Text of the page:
European Commission Initiative on Breast Cancer

Breast cancer, scan
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The Guidelines Development Group (GDG) is one of the working groups on the European Commission Initiative on Breast Cancer (ECIBIC). SciTech Europa Quarterly speaks with GDG clinical co-chair Dr Axel Gräwingholt.

European Commission Initiative on Breast Cancer – the Guidelines Development Group

The European Commission Initiative on Breast Cancer (ECIBC) is a patient-centred action aiming to improve and harmonise breast cancer care in Europe. The project aims to develop a European quality assurance (QA) scheme for breast cancer services supported by accredited certification and based on high-quality, evidence-based recommendations. The QA scheme defines quality criteria to be fulfilled by breast cancer services adhering to ECIBC along the entire care pathway from screening until end-of life care.

One of the two working groups active on ECIBC, is the Guidelines Development Group (GDG). The group is made up of international experts and patients selected through a public open call. They represent a very wide range of expertise with the aim to be as inclusive as possible. The objective of the GDG is to develop evidence-based European Guidelines for breast cancer screening and diagnosis.

The GDG follows the GRADE approach (a systematic approach to grading the certainty of evidence and strength of recommendations), in defining the healthcare question of interest (population of interest, interventions to be compared and patient-relevant outcomes- PICO format), synthesising the evidence and developing the recommendations for the Guidelines. This is being carried out within virtual working environments and in periodically organised meetings. SciTech Europa Quarterly speaks to GDG clinical co-chair Dr Axel Gräwingholt about breast cancer screening and diagnosis technology, alongside other current topics in breast cancer research.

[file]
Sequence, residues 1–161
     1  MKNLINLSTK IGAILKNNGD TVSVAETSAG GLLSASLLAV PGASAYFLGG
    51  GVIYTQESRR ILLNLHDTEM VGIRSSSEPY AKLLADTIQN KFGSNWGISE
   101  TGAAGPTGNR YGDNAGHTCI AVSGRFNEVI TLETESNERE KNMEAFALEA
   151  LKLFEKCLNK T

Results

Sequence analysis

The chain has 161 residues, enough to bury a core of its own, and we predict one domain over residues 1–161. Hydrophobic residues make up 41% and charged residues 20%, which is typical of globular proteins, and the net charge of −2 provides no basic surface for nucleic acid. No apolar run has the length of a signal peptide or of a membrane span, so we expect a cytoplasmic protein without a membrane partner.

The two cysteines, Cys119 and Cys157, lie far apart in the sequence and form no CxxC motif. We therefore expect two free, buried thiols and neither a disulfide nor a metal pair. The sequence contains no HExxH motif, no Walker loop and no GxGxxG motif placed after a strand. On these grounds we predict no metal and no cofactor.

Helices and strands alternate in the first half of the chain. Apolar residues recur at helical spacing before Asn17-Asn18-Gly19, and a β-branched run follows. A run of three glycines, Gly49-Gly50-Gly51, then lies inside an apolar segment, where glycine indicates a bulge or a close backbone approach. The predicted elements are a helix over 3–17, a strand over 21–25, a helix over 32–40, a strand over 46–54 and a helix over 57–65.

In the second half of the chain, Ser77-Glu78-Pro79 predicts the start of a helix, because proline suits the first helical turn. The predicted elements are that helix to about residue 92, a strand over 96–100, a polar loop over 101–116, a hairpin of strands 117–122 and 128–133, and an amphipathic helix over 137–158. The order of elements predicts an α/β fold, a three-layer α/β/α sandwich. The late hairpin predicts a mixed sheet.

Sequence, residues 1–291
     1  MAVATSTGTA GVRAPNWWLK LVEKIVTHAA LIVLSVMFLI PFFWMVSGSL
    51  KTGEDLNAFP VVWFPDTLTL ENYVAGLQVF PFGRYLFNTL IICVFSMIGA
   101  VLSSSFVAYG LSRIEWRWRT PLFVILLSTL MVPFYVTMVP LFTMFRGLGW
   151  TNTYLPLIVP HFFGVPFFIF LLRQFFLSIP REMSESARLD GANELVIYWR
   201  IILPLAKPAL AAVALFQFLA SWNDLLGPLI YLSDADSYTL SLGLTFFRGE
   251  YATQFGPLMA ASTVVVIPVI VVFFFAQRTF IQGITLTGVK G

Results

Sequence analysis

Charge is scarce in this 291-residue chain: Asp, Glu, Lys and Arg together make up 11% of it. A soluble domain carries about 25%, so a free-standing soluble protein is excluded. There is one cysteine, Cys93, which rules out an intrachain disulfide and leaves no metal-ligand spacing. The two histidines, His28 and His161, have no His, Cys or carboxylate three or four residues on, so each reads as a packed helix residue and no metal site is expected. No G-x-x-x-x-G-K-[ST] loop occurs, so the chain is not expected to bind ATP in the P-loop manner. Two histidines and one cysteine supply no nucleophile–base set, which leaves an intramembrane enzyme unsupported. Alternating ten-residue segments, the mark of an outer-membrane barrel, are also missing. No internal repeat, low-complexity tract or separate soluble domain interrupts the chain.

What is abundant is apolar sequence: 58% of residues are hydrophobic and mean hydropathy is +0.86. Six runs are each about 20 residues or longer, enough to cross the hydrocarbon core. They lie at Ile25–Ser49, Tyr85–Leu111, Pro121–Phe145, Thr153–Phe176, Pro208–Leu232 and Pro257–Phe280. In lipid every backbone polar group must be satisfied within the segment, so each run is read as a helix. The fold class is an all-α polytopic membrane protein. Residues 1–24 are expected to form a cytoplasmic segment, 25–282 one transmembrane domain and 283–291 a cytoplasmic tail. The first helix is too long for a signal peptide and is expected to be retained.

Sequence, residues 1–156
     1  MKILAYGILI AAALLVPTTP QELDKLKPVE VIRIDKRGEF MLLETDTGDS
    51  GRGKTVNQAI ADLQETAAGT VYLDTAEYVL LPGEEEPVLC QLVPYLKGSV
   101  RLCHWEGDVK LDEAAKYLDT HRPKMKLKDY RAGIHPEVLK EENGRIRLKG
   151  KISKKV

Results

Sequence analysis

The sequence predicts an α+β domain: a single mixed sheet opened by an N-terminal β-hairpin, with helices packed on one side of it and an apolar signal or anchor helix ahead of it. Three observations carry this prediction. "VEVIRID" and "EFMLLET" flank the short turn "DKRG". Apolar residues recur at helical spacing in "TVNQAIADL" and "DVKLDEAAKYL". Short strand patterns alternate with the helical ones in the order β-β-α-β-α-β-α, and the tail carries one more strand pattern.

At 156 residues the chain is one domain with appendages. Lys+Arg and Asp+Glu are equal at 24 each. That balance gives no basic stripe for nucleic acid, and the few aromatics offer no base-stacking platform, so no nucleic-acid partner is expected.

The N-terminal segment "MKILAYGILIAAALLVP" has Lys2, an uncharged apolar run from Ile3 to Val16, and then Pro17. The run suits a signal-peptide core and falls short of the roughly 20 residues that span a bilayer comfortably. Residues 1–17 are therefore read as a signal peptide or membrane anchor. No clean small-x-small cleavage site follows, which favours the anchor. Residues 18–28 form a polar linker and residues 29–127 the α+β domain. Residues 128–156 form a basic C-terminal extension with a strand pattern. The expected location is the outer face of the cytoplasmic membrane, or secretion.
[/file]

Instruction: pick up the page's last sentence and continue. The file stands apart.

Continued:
What is the work and role of the GDG?

The aim of GDG is to develop new European Breast Cancer guidelines with the aim to provide recommendations for screening and diagnosis based on the latest available evidence to improve population-based screening and diagnosis of breast cancer across Europe.

Over the last three and half years the GDG has developed approximately 80 recommendations, 50 are already publicly accessible. The GDG also identifies topics for research because during the process of issuing recommendations, the group finds that additional research is sometimes necessary in order to answer exhaustively a specific healthcare question. This, in my opinion, is also one of the major outcomes of this working group, relevant for policy makers when planning and organising screening programmes.

What are the current trends in breast cancer screening/diagnosis technology?

As a radiologist by profession I am convinced that the future trend in breast cancer detection goes clearly towards the use of tomosynthesis as a means of screening and diagnosis as well, but the evaluation of this method is still difficult due to a lack of studies with clear results on the interval-cancer rate or the overdiagnosis rate.  But there are also other aspects to be considered for a potential use in large population-based screening programmes which couldn’t exhaustively been answered either with the current information available, such as increased workload through longer reading times and cost of devices. This obviously also applies to tailored screening, meaning the use of different techniques in different subpopulations of the screening group (for example women with dense breasts), along with risk stratified screening.

However, the GDG did use all the evidence available, fulfilling the criteria of the methodology to answer at least some of the relevant questions, but also recommended research where uncertainties are still present.